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It's almost like Mickey blames Minnie for all these kids that the storks
are delivering. It's not his fault that all these kids arrive; it's Minnie's
fault. The idea that somehow Minnie is to blame is suggested by the scene
where Mickey comes into the house and sees Minnie sitting at a huge table
with all those kids. It's like Mickey has had nothing to do with it. I know
that this cartoon wasn't meant as serious social commentary; it's just something
I picked up on when I saw it for the first time.
I always liked the prayer Mickey says before going to sleep. This kind
of bedtime prayer was depicted in other Disney films, including Snow White
and The Rescuers. It might have been the custom of the time for kids to
pray before going to bed. It suggests that people were more religious back
then. Mickey doesn't use his normal high-pitched voice when he prays but
whispers it in a regular tone of voice. This was the voice of Walt himself.
It kind of shows how Walt was not against depicting religious things in
his cartoons, even to the extent of saying this prayer himself. It's a very
small thing, but I wanted to comment on it.
So, what I am trying to say in this long comment is that I hope Disney
does not forget how it started, and I'm sure Walt would not want Mickey
to stay just a "corporate symbol." After all, he is his son!
I say it’s ostensibly the subject because in reality, this short is a re-imagining of the 1931 short
Mickey’s Orphans. Things start out with Mickey falling asleep, fawning over his picture of Minnie, and placing a Cupid doll next to the picture. He kicks Pluto out of the bed, and falls asleep.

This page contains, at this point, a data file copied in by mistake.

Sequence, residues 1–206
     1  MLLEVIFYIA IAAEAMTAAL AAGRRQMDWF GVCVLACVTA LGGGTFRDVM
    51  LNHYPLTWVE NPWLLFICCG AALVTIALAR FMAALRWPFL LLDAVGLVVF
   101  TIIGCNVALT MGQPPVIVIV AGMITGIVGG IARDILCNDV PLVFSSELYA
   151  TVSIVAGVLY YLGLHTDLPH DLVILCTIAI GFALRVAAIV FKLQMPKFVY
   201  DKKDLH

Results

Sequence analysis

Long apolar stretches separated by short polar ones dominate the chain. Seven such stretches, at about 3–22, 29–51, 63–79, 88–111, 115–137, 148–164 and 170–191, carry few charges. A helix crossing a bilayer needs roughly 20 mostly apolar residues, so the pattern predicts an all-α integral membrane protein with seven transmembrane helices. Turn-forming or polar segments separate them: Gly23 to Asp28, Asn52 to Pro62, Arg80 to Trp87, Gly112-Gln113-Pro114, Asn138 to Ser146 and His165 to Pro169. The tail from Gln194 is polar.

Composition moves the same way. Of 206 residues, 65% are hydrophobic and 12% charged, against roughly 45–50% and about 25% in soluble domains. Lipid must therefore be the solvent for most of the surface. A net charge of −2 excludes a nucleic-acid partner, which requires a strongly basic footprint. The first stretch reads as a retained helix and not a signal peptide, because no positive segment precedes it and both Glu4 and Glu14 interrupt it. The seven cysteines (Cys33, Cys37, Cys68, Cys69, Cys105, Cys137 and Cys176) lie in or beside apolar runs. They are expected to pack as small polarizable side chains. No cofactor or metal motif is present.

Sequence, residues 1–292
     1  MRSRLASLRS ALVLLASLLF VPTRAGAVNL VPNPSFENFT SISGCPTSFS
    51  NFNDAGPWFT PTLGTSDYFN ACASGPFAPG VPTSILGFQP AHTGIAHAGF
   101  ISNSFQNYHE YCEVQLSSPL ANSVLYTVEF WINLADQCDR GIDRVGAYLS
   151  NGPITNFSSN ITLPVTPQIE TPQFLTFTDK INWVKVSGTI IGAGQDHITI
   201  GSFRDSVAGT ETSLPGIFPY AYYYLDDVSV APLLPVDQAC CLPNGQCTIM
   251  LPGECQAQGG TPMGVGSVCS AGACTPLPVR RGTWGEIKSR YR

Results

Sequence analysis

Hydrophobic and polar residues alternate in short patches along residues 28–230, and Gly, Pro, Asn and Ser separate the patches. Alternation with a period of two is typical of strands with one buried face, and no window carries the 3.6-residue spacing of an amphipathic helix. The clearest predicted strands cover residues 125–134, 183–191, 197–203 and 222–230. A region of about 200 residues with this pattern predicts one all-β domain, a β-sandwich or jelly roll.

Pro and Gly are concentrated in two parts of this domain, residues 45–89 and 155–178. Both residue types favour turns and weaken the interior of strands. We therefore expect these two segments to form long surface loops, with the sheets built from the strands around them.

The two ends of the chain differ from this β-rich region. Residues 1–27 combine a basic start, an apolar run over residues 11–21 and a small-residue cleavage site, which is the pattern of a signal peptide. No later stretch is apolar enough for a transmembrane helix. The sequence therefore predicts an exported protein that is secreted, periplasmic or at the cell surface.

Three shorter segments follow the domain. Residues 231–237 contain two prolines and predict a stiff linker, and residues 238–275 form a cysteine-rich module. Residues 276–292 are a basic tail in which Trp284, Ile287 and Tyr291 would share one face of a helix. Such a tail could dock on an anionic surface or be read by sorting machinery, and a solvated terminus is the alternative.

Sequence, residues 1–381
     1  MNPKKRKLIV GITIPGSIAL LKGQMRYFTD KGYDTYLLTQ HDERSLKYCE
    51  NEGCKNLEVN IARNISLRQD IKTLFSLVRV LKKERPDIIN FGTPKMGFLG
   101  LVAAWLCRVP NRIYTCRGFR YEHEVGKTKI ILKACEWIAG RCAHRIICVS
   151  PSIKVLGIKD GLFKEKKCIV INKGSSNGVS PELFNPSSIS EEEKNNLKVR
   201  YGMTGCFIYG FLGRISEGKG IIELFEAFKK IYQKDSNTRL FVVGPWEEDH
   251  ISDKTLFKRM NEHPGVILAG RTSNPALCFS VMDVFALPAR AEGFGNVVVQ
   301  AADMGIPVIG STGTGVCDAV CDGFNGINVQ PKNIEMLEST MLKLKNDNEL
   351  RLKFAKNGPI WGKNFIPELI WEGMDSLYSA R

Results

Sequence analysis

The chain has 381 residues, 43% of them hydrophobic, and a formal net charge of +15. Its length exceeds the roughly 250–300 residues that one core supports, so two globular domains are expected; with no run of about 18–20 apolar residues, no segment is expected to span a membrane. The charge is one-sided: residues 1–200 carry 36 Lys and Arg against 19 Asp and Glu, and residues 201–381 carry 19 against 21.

The next scene, as Pluto sneaks back into bed and begins licking Mickey, launches into a dream sequence. It’s here that we get to see the first representation of Mickey and Minnie getting married. As far as I know, at least. It could have been done in the Mickey Mouse comics or some other forum, but in the cartoons this is the first one.
Again, though, that is a set up for the main storyline of the short, where a multitude of storks drop baby Mickeys into Mickey and Minnie’s house, much to the proud papa’s dismay. The kids greet their father and proceed to wreak havoc throughout the house.
This is where the remake of
Mickey’s Orphans comes in. The “babies” are able to destroy the house more efficiently than any wrecking crew could. Perhaps because it’s been done before, the gags this time don’t come across as anything all that special, even if they are fairly amusing.
There are a few standouts, like the kids riding Pluto in a carriage or a group of them pulling in and out of a set of drawers as Mickey and another baby run past. But for the most part, the gags are predictable and nothing exceptional. Again, this is likely because I’ve seen this story before, but I think it’s also because there’s nothing new here – it’s similar not only to
Mickey’s Orphans but to
Alice Rattled by Rats or
When The Cat’s Away.
There is, though, a charm to this short that makes the viewer happy. The baby Mickeys are cute as can be, and Mickey keeps a good attitude throughout the torture he is subjected to in the short. Like I said about
Mickey’s Orphans, having this same story with Donald Duck would be vastly different, and likely funnier.
There is something about Mickey, though, that makes people want to root for him. Throughout this short, I found myself smiling at his exploits, despite the fact that it was familiar territory. At the end, when he wakes up and smashes the Cupid statue, I enjoyed that we got to see a little more mischief in Mickey than normal. It makes
Mickey’s Nightmare a good short, if not a great one.
This is the first United Artists Mickey cartoon. This means that we see a change in the title cards. I've only seen the recreations on the DVD which I'd like to assume are accurate (minus the UA references). I have to say the spinning rays and exploding Mickey head are really cool! The other change the UA releases brought to the Disney cartoons were full
color advertising posters. These attractive posters are worth seeking out (you can find a lot of them on the Disney Shorts Encyclopedia.)